Steve earned an M.S.E.E. and a Ph.D. in Electrical Engineering from the University of Delaware, where his graduate work concentrated on Electron Beam Induced Current (EBIC) measurements of carrier transport in thin film solar cells. He also earned both a B. S. in Engineering Science and a B. A. in English Literature from Swarthmore College. Steve is the author of more than 25 papers on photovoltaics.Close -
As a Senior Scientist at Suniva, Adam is responsible for the development of n-type solar cells. Since joining Suniva in 2008, Adam has been instrumental in overseeing the construction and implementation of the Development Laboratory and has served as liaison for joint research projects with Georgia Tech's University Center of Excellence for Photovoltaic Research and Education (UCEP). He also works closely with Suniva's manufacturing team on optimizing the refractive index of the anti-reflection coating of Suniva's solar cells.
Prior to his role at Suniva, Adam was a research scientist at Georgia Tech from 2003 until 2005 where he worked on GaN-based light emitting diodes and the use of InGaN as a photovoltaic material. During 1999 - 2002, Adam worked at Aegis Semiconductor, a start-up company which produces tunable thin film filters for the optical communications market. He has published 10 papers on photovoltaics and holds four U.S. patents.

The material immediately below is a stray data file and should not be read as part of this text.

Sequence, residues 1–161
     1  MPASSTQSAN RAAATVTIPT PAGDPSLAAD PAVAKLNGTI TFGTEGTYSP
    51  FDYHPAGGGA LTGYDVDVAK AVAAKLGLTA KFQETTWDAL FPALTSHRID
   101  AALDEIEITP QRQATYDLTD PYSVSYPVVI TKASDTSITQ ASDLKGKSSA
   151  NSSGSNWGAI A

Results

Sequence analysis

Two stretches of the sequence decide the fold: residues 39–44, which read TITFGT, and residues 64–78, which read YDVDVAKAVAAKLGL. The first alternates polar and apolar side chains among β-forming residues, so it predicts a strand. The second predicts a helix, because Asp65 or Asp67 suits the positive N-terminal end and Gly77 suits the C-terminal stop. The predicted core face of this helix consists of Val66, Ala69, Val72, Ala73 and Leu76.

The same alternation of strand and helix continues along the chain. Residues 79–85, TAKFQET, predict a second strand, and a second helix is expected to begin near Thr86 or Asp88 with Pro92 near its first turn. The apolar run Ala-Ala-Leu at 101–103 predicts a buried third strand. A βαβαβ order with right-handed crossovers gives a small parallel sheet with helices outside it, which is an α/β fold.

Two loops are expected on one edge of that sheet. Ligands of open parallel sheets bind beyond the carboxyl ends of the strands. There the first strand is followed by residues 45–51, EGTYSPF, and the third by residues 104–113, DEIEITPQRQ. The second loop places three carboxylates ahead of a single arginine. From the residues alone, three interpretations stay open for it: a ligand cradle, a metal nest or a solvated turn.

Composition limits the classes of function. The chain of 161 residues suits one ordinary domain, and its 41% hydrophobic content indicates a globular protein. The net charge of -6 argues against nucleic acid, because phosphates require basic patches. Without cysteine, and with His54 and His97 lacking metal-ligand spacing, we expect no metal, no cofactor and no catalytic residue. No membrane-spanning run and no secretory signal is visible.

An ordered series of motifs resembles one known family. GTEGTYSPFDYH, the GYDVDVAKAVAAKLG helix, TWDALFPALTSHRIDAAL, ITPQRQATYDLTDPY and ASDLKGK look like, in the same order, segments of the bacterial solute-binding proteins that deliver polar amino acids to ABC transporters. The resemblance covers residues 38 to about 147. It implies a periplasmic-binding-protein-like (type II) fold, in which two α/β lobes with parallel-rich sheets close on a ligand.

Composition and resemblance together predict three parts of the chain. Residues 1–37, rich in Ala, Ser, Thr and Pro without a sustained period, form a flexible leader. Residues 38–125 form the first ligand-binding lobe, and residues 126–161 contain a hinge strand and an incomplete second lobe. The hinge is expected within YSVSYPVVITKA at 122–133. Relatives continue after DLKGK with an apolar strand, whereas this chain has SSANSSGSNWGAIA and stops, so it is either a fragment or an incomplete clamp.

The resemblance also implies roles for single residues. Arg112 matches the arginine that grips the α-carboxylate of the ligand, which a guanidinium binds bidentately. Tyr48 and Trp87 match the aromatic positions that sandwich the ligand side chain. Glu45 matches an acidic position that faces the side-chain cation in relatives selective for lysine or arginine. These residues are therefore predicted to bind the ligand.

Adam received his B.S. from Yale University in applied physics. He spent an additional year at the University of Cambridge, where he read for an M.Phil in microelectronic engineering and semiconductor physics. Adam received his Ph.D. from Princeton University in electrical engineering. His doctoral thesis researched amorphous silicon-germanium alloys for solar cells, as well as using dicholorosilane as an alternative source gas for a-Si:H. While affiliated with the Princeton Environmental Institute (1997-2002), Adam worked on estimating the long-term costs of solar cells as well as analyzing the impact of net metering on the geographic distribution of photovoltaics in the U.S. After receiving his Ph.D., Adam was an STA International Research Fellow at the Electrotechnical Laboratory in Tsukuba, Japan, where he worked on plasma-enhanced CVD of a-Si:H.